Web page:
Changing Instructional Behavior
Curriculum and assessment reforms are dictated by statewide or nationwide standards and imposed at the system level, but instructional change cannot be imposed upon teachers in this directive, top-down manner. Instruction is a human behavior and can only be changed at an individual level. Furthermore, changes in behavior cannot be mandated but must develop out of voluntary, internal commitment that is achieved through self-reflection (Second Order Change). Effective pedagogical change is inspired.
If student achievement is to improve, instructional practices must become aligned with what research reveals about brain-based learning. However, effective school-wide practices do not come about overnight. Schools and school districts have experienced serious setbacks because they jump directly into standardizing instructional practice. Changing and aligning behavior related to instruction is a developmental process that goes through four stages in order to realize wide-spread effective pedagogical practice.
First, teachers must be aware of a clear focus on improving and aligning teaching and learning. Teachers must also understand why the process of aligning teaching and learning across the school is of primary importance in achieving educational reform goals (high levels of student achievement). Then, teachers must plan collaboratively and dialogue effectively using shared language. Finally, effective practice can become consistent and routine throughout the campus.
The STAR Process is an integral part of each stage. Teachers need to see teaching and learning in action on a regular basis, talk about their observations using a consistent and respectful vernacular, routinely apply what they are learning to their own lesson planning, and continually reflect upon what Powerful Teaching and Learning looks like in their own classrooms.
To achieve measurable outputs, there are two necessary inputs: standards-based curriculum and standards-based instruction. A majority of reform efforts have only addressed one input: aligned curriculum. For true turnaround to take place, there must be a clear focus and effective process to bring about change in student learning. Since reform efforts are judged by student performance on standards-based assessments, we must include the input of effective, standards-based instruction. We need to build a common awareness that instruction is fundamentally different than curriculum and assessment. Instruction is about human behavior in the classroom.
Educators must share a common understanding of why instruction is so important. Without a clear and effective focus on instruction, we are unlikely to meet reform goals. A distinction must be made between standards-based curriculum or assessment, both of which are aligned with pre-determined content, and standards-based instruction, which encompasses teaching and learning practices aligned with the philosophy that all students must meet standards. Instruction is different than curriculum and assessment and must be approached differently as well. Also, educators must understand that their instructional methods impact student outcomes.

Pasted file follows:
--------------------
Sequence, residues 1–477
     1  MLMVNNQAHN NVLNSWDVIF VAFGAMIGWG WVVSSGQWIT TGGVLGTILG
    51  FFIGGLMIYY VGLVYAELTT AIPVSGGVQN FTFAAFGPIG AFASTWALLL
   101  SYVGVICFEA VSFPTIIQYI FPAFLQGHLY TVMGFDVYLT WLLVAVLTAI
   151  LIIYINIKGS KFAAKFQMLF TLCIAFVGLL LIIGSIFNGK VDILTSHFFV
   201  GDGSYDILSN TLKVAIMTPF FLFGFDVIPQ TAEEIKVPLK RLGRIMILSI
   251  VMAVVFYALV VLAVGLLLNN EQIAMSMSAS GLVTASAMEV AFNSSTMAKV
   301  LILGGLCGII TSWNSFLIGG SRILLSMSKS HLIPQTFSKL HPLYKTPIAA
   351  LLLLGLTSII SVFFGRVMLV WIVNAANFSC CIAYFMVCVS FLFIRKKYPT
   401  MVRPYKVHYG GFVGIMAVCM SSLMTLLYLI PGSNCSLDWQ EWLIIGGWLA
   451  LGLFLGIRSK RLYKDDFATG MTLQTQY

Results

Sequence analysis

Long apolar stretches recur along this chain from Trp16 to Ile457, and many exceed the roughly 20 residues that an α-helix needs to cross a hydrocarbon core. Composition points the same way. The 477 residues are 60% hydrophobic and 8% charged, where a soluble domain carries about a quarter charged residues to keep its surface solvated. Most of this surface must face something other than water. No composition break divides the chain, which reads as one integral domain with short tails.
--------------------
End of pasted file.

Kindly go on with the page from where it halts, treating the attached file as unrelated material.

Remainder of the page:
Teachers observing lessons together through the lens of the STAR Framework develop a common language for discussing their observations. When educators are able to dialogue about teaching and learning using a consistent and understood vernacular, both individual and group reflections can be applied to planning for future lessons. In order to implement Powerful Teaching and Learning school-wide, teachers must be able to plan lessons with collegial support and regularly reflect on lessons already taught.
Research shows that there is more variance between classrooms in the same school than there is between schools (Baker, Gratama, Peterson & Thompson, 2010). The only way to close the gap between pedagogical practices within a school is for educators to interact with each other on a regular basis. Common practice emerges in schools when teachers routinely collaborate, plan lessons together, and visit each other’s classrooms to ensure lesson pedagogy is aligned and consistent across the campus. Instruction is a behavior ruled by habits and routines, so teaching and learning will not be different until common language and the reflective process become part of daily or weekly school routines.
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